However, the bulk of advances in the sciences and engineering have come from relatively localized societies at various points in history, and most typically those which have the most leisure time. Virtually no scientific advances have come from sub-Saharan Africa, and none of those made by the indigenous cultures of the Americas survived the holocaust that followed contact with Europeans. There’s no reason to think that a pool of ten billion people with a smattering of scientists and engineers would produce any more innovations than a smaller population of, say, a hundred million people with a greater emphasis on education and advancement in the natural sciences.

The problem with this is that all agriculture requires fresh, potable water, and this is the one resource that is truly running low. Agricultural yields are already declining in many nations that are dependent on intensive agriculture as export crops to bring in hard cash due to a reliance upon non-replenishable ‘fossil water’ aquifers and water projects that have redirected major waterflows without consideration for downstream effects. The Green Revolution permitted many nations like Pakistan to support much larger populations than it could have naturally, but continued sustenance for those populations is a real concern. This can be adjusted by using less water intensive methods of farming, but the problem needs to be addressed.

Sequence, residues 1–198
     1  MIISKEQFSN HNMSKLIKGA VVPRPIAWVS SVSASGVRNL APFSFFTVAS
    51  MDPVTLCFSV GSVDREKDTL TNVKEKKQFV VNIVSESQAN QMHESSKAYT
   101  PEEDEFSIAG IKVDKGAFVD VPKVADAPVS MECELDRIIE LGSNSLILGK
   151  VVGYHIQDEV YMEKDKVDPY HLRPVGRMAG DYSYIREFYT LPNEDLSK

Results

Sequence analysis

Another concern is not just the population size, but the economic and ecological footprint. We currently have industrial societies (the United States, Canada, Western Europe, Pacific Rim) enjoying a lifestyle and level of consumption that is grossly out of proportion with most of the rest of the world. As the nations of South America and Southeast Asia develop modern industrial cultures they will demand more resources per capita. This is unsustainable in the long term. Western societies have adjusted somewhat by having fewer children per family, as children are more likely to live to adulthood and are more of a fiscal liability than in sustenance cultures. We can expect cultural views to change in developing nations as well, but the question is how long that will take, and if the current growth spurt can be sustained until the population plateaus. The decline of populations also causes another problem, as most social services are predicated on an increasing population supporting the previous generation; as generations become progressively smaller in size, you’ll have fewer people supporting more, either requiring higher productivity or a declining quality of life.